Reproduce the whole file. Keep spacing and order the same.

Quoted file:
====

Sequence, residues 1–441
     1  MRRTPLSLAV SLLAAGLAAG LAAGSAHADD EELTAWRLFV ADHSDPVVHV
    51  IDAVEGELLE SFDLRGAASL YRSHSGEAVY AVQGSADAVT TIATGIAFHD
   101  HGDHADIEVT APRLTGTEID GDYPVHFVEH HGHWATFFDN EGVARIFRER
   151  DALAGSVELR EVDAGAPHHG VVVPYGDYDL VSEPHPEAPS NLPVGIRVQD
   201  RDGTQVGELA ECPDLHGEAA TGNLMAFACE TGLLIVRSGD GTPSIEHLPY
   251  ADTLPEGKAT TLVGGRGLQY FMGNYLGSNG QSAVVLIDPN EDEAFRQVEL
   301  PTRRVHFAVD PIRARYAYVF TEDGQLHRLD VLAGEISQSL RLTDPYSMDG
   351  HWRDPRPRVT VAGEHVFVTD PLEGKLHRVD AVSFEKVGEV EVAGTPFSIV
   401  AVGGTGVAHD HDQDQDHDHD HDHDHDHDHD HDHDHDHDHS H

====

Sequence, residues 1–441
     1  MRRTPLSLAV SLLAAGLAAG LAAGSAHADD EELTAWRLFV ADHSDPVVHV
    51  IDAVEGELLE SFDLRGAASL YRSHSGEAVY AVQGSADAVT TIATGIAFHD
   101  HGDHADIEVT APRLTGTEID GDYPVHFVEH HGHWATFFDN EGVARIFRER
   151  DALAGSVELR EVDAGAPHHG VVVPYGDYDL VSEPHPEAPS NLPVGIRVQD
   201  RDGTQVGELA ECPDLHGEAA TGNLMAFACE TGLLIVRSGD GTPSIEHLPY
   251  ADTLPEGKAT TLVGGRGLQY FMGNYLGSNG QSAVVLIDPN EDEAFRQVEL
   301  PTRRVHFAVD PIRARYAYVF TEDGQLHRLD VLAGEISQSL RLTDPYSMDG
   351  HWRDPRPRVT VAGEHVFVTD PLEGKLHRVD AVSFEKVGEV EVAGTPFSIV
   401  AVGGTGVAHD HDQDQDHDHD HDHDHDHDHD HDHDHDHDHS H